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Critics say the official shirt for the World Cup resembles the flag of the Spanish Second Republic
Read and check you understand this before you read and listen to the article:
to creep: to develop or occur gradually almost without being seen or noticed
to subside: to become less intense, less violent or less severe
row [rau] : a serious dispute or argument
to brew: (context – of an unwelcome situation) to begin to develop
fuss: unnecessary or excessive excitement
jersey: (context) a shirt worn by a player or competitor in certain sports
to red-card something: (sporting analogy) to dismiss or reject (an idea)
to rule out: to exclude something as a possibility
Spanish politics is creeping into football once again. The controversy surrounding Gerard Piqué’s place in the Spain squad; given his support of independence in Catalonia; may have subsided, but there’s another row brewing. This time, because of the national team’s new football shirt.
Last Tuesday, the interim president of the national football federation, Juan Luis Larrea, made this informal statement to a Spanish sports newspaper: “We have received complaints from the top,” he said. “The government does not like the fuss, or the shirt.”
A strip of blue rhombuses, printed on the jersey designed by Adidas for the Spanish team for the 2018 World Cup in Russia, has had an unexpected response. Some see the blue rhombuses against the red shirt as purple and have taken the choice of colour as a homage to the flag of the Spanish Second Republic – the country’s official flag from 1931 to 1939, before the right-wing dictator, Francisco Franco, came to power. The flag has long been a left-wing symbol in Spain, and the new jersey could therefore be seen as an implicit attack on the monarchy and the Constitution.
Politicians including Pablo Iglesias, leader of the anti-austerity party, Podemos, and Alberto Garzón, leader of the United Left, both celebrated the proposal. Garzón said he likes the “tricolour” design more than the “red and yellow” of the Spanish flag, because it incorporates “the purple of Castile.” When asked about the row, sports minister Íñigo Méndez de Vigo responded with a enigmatic smile: “The Spanish team has had more beautiful shirts than this one.”
But Larrea went into more detail. “The government has not officially said anything to us, but I have lines of communication and I know they are worried about this issue, specifically because there are people in parliament who have linked the colour of the shirt with the Republican flag. The Spanish World Cup jersey for the United States tournament in 1994 had a purple stripe and nobody said anything.”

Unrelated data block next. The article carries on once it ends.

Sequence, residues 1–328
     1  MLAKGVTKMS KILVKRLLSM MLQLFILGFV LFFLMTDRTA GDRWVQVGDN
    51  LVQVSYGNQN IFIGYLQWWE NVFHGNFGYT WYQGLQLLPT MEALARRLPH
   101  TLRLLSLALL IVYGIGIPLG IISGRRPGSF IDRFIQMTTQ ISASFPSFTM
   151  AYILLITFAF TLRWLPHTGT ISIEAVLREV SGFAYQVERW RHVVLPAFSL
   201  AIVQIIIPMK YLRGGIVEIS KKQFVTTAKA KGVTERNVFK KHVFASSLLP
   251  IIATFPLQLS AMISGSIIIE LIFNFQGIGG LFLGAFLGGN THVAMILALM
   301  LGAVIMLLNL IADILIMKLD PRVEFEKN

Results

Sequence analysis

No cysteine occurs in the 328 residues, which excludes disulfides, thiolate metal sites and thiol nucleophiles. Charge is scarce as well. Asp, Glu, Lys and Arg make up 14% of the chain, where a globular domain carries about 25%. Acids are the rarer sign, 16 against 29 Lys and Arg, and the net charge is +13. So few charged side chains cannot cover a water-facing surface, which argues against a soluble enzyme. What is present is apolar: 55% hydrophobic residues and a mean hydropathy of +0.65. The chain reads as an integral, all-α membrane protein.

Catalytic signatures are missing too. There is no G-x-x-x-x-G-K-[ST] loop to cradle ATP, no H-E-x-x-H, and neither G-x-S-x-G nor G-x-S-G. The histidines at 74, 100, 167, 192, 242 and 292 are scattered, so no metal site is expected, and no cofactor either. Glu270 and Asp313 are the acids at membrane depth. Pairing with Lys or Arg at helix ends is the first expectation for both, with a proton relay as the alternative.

Such is the concern that the official presentation of the jersey with the team due for last Wednesday was called off. Both the German sports brand and the federation made the decision to red-card what would have been the beginning of the sales campaign.
“There is no easy solution,” said Larrea, who has ruled out a change of plans, “because the sale of the garments has already begun and there are already thousands distributed throughout shopping centres and sports stores in Spain.”
Adidas issued a statement describing the colour as a “petroleum blue” and stated that there is “no political connotation.” The German multinational explains that “players’ performance has always been its priority.” The team wore the new sweatshirts for the first time recently, at the first training session before they faced Costa Rica in Malaga last Saturday.
“Let’s chat about that!”
Write your answers and send them by email to your ECP coach. Give reasons for your answers. Why not record your voice too? Listen to yourself speak and identify what you have to improve on 🙂
- Do you like football or any other sport? Why / why not ?
- Do you own a sports shirt/jersey? Why do you like it?
- Are flags important to you? Why? If not, why not?
- In your opinion, what is the link between sports & politics? Why is there a connection? Should it exist? Could it be changed?
Adapted from: El Pais – In English